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It's a poppin' good time.
I want to start by being absolutely clear: it is not bubbles season. And the reason it is not bubbles season is that every season, every month (heck, in my house, every week) is “bubbles season.” This is because bubbles—be they Cava, Prosecco or Champagne—are the effervescent gift that gives joy to wine-drinkers all year long. They can be fantastically affordable, they’re almost always versatile and at their zenith they offer a transcendency usually reserved for delivery rooms and wedding chapels.
You’re forgiven if you’ve not accepted this overarching truth yet, but we’re hoping that once you read this democratically constructed list you’ll see the light. And on the plus side, the BCL—or at least their suppliers—do ascribe to “bubbles season,” so many of these bottles are on sale until the end of December. Cheers to them!
Challenge Cava at your peril. There may be no segment of the entire wine industry that delivers more quality per dollar spent than the Spaniards who make bubbles. And there is no better standard-bearer than the behemoth that is Segura Viudas, owned by the even bigger behemoth the Freixenet Group. They probably make more bottles of fizz each year than the Okanagan makes wine. And yet, the quality is amazing. They’re one of the few producers who charge less for their rosé (our amis at Cristal could take a page from their book—they charge double for their rosé). If there’s any Achille’s heel, it’s that some might find the wines a titch sweet—which is managed better in the rosé than the bru—but we’re splitting grapes here.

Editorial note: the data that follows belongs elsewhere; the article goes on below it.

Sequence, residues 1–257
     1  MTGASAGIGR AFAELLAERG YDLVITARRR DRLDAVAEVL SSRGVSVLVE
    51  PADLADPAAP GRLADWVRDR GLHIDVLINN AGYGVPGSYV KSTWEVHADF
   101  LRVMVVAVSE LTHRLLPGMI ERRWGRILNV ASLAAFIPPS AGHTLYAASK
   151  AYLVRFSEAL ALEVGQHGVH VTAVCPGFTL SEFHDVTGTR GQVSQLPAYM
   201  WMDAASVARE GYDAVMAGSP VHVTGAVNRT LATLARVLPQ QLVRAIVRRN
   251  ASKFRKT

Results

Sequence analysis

This is a steal from a much smaller producer than SV, and in their brut nature—meaning they add no dosage or added sweetness—you’re getting a bone dry coupe (just kidding, don’t ever drink out of a coupe) that also name-checks one of the great trends in the cool wine kids arsenal. I know I dump on the BCL a bit, but this wine should be $30 – so it’s a smoking deal at $16.50.
I spend a fair bit of time in the ol’ US of A (it’s complicated, but involves a totally unfounded charge of multi-level marketing magic corkscrews) and when I’m there, I really lean into the Cali sparkling made (or at least owned) by the French. To be honest, I generally go for Domaine Chandon, because it’s a bit more austere—and Moet is a vastly superior owner than Mumm—but at 28 smackers I’m not going to complain. It’s quite round and appeals to those who like a tad of residual sweetness, but there’s some nice balancing crisp green apple notes, as well.
Everyone gives 500-pound Gorillas a bad rap, but what about one who uses their might to do something like deliver this wonderful BC ambassador in a tulip glass for $28. It’s a Champagne-inspired blend (no sneaking 23% Pinot Blanc into this mix of mostly Chardonnay with a small amount of Pinot Noir) made in the charmat method (same as how you make Prosecco). The result is mostly easygoing, with ripe flavours and a bit (ok a lot) more depth than a bottle of La Marca.